In curating, museum, and gallery work, we increasingly talk about sensory and immersive experiences, but what does this mean in practice?
Back in March 2019 I enrolled and completed a short introductory course called Introduction to Psychology: Sensation and Perception on FutureLearn. It was supported by mentors and provided by Monash University, Melbourne, Australia. My motivations came from my curiosity about what it is that makes exhibitions and gallery displays memorable and atmospheric, and how sensation and perception play as much of a role in this as the information and stories we interpret on panels and labels. In curating, museum, and gallery work, we increasingly hear about sensory and immersive experiences, but what does this mean in practice? What are the functions and interplays of taste, smell, hearing, touch and sight?
You are not expected to be psychologists so we suggest you resist the temptation to advise others on how to practice psychology or to take up the role of therapist.Introduction to Psychology: Sensation and Perception, Monash University, FutureLearn, March 2019.
In a series of articles on the CRC blog, I am reflecting, two years on, on what I learned and how the psychology of perception can be applied to curating. The sensory deprivation of not being able to hang out in shops, galleries, cafes, museums and stores over the last year has perhaps given me pause for thought, to better appreciate that screen and goggle-based experiences really aren’t a substitute for wholesome sensory experiences. The quote above, from the course introduction, is my disclaimer, and a wise suggestion for anyone exploring psychology in the realms of curating to remember.
Colour doesn’t exist
Colours don’t exist. They’re there as your brain’s way of signalling what wavelength of light the eye is seeing.Introduction to Psychology: Sensation and Perception, Monash University, FutureLearn, March 2019.
Probably the most resonant of revelations came at the beginning of this course. That colour is a creation of our brains. Colour lacks inherent materiality. We create colour, ourselves, individually. Wavelengths of light processed by our eyes and brains are converted into schema of colour. Most clearly we understand this phenomenon of colour perception when we look at rainbows.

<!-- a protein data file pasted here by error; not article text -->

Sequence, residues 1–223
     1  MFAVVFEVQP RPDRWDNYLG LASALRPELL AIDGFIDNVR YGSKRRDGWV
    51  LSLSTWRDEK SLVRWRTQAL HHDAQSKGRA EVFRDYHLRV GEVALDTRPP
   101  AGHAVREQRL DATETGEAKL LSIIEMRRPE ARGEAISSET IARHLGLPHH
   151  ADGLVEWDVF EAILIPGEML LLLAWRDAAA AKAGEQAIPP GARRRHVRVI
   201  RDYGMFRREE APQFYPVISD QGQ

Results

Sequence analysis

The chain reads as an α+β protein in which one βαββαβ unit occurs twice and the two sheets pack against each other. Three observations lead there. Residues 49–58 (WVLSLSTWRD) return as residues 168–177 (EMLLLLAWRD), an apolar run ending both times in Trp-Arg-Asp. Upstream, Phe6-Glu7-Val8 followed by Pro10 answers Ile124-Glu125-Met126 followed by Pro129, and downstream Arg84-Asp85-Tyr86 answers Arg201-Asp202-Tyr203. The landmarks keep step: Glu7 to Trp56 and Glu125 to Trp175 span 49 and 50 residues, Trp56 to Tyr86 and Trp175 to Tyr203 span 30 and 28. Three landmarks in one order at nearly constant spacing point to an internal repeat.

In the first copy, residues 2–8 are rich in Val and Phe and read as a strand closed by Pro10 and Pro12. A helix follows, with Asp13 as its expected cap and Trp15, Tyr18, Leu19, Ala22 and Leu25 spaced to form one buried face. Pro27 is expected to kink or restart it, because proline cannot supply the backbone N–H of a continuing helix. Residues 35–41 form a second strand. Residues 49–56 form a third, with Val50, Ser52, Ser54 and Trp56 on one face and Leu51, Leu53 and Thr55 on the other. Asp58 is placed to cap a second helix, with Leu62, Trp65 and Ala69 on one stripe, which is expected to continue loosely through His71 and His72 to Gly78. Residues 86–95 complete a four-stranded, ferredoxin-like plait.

Depth perception (how near or far something is) is also something our brains create for us. But if colour doesn’t exist, and sighted people frequently argue over or discuss whether something is blue or purple, why do we pore over colour schemes for exhibitions and displays? And what does the psychology of colour perception mean for the use of colourising old black and white photographs and film?
Colour is addictive
Colour choices can be powerful in determining the experience of an exhibition, and perhaps why so many contemporary art exhibitions appear in white boxes, so there is, seemingly, no interference or competition with the centrality of the art and artist. White is a combination of the whole colour spectrum but can still conjure up comparisons and feelings such as being ‘clinical’, ‘clean’, ‘neutral’.
A welcome contrast to the white box of so many art galleries was the exhibition of kinetic sculpture and camera-less film art of Len Lye, Stopped Short by Wonder, at Christchurch Art Gallery, Aotearoa New Zealand in 2017. With a predominantly black foil (background colour) the bright, shiny steel and metallic moving sculptures were exhibited with carefully positioned lights, maximising the use of reflection and shadow and enhancing form, with the tallest of the sculptures soaring off into a dark sky. The thoughtful use of coloured lights played with our perceptions of some of the exhibits’ movement, and with their natural sounds, took the experience to the next level, captivating our eyes (and ears) like a moth around a flame. The effect was so addictive we returned three times, and then went to see some more in New Plymouth at the Govett-Brewster Art Gallery-Len Lye Centre. Also check out the Len Lye Foundation for more information on the artist, his engineering, sculpture and art.
Making exhibits pop
A good colour scheme can give museums’ many, many brown objects and paintings the lift they need.
Most historical and archaeological museums seem less fussed about thinking about colour in their curating. The exception comes when there is a big capital redevelopment or gallery refurbishment. Of course using colour successfully, on walls, floors, plinths, ceilings, upholstered mounts, and graphic design schemes, makes your budget go up and therefore can be a feature of exhibitions that gets cost-engineered out. But is it worth the investment if your exhibition will be all the more memorable for it?